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Abstract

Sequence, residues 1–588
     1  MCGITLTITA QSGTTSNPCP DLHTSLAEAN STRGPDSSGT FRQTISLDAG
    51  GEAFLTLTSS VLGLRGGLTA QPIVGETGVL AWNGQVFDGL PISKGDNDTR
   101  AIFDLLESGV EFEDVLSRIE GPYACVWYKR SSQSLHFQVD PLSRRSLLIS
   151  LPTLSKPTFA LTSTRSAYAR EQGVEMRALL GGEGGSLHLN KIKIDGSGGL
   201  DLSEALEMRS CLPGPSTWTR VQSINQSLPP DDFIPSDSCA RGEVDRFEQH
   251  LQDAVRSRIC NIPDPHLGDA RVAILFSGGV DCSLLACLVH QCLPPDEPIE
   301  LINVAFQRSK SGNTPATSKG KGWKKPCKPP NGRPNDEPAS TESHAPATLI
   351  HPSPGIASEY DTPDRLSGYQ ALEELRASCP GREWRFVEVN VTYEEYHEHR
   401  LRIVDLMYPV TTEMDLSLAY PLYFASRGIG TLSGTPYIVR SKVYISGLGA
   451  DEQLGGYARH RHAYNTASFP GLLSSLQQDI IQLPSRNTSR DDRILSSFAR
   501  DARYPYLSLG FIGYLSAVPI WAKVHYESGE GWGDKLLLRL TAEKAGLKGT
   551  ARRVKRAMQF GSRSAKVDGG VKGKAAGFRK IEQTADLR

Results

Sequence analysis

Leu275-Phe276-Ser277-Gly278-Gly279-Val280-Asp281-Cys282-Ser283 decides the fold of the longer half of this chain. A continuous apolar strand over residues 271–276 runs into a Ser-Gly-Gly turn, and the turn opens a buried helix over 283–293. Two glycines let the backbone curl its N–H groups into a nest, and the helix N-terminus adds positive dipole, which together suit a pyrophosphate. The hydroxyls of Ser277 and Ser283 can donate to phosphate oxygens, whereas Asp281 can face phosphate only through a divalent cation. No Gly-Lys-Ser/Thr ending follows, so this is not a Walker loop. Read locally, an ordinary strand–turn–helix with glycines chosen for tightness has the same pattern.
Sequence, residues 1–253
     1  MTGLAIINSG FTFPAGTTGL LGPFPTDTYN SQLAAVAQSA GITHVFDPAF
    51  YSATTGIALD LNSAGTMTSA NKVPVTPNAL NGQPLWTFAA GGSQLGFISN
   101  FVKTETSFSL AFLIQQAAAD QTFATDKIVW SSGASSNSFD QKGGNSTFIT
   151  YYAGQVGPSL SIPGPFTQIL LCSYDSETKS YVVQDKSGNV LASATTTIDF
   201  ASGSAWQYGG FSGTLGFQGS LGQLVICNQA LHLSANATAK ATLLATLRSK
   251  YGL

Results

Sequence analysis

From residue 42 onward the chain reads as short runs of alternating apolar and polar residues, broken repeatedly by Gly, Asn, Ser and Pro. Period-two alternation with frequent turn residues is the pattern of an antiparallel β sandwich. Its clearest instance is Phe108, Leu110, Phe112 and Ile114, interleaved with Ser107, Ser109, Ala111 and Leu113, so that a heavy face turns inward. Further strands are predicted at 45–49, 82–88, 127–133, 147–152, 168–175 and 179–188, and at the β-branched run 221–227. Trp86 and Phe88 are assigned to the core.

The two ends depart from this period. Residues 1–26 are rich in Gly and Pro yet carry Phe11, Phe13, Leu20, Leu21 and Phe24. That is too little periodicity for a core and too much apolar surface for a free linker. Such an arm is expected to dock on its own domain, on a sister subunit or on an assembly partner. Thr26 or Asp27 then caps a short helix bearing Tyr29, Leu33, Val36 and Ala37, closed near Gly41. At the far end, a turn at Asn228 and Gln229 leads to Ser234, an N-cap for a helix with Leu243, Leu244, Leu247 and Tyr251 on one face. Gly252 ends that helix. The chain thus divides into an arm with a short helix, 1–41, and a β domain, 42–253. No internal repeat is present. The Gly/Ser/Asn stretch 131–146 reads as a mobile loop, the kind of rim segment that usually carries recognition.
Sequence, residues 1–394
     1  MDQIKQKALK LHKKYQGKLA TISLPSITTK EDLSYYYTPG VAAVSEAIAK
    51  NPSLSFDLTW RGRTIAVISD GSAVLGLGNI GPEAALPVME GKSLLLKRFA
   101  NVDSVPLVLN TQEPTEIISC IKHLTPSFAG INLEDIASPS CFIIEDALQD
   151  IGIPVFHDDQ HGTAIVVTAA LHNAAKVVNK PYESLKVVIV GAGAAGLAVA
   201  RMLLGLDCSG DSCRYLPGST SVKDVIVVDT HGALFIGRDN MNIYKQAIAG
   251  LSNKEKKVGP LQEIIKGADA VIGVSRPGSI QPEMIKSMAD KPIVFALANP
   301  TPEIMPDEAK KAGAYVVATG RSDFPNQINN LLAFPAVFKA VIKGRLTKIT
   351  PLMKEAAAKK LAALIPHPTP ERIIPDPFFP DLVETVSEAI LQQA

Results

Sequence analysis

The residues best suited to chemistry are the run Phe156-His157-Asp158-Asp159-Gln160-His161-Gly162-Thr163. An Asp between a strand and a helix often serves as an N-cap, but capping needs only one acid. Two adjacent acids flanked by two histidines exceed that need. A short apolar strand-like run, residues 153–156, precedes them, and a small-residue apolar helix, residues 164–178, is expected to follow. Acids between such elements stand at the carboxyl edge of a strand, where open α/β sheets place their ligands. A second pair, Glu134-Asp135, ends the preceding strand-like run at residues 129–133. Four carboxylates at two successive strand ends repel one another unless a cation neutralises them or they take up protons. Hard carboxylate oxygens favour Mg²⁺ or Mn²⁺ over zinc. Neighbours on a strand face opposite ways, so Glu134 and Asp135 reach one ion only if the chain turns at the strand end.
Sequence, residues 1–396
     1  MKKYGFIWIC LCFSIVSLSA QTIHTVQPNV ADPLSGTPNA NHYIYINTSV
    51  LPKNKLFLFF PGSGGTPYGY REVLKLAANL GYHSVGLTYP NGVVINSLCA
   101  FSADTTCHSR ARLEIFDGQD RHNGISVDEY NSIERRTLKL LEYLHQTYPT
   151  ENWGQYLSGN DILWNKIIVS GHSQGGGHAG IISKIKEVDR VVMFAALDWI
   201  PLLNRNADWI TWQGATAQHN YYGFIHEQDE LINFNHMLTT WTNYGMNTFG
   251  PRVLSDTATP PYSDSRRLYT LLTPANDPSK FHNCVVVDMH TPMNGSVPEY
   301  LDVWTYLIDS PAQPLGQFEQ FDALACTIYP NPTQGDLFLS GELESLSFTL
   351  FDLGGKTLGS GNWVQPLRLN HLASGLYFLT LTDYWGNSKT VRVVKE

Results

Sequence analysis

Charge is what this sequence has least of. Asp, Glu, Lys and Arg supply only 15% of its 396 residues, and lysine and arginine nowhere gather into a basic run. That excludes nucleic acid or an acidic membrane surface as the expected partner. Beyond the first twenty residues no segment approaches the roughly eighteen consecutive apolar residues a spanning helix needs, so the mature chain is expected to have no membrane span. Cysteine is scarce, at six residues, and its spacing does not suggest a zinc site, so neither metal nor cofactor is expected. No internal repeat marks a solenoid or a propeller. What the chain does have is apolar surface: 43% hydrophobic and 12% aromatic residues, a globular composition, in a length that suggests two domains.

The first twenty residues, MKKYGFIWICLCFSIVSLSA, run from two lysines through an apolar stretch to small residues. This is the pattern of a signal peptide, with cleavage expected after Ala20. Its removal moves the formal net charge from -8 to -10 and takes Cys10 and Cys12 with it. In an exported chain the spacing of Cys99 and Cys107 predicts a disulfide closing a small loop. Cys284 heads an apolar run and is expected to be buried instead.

Global imbalances are attributable to savings deficiency in some economies and savings glut in others. The recent global crisis has triggered widespread social conflict over income inequality. The inequality-saving link has again become a pressing issue needing serious attention. We present a new theory to explain why the link between inequality and saving is negative in OECD countries but positive in emerging Asia. We also offer an econometric analysis of differences in inequality-saving links between those economies. We find that aggressive financial services lead to a negative link by creating income illusion for overconsumption, but imperfect financial markets contribute to a positive link by interacting with industrial policies as part of growth strategies while ignoring liquidity constraints on consumption.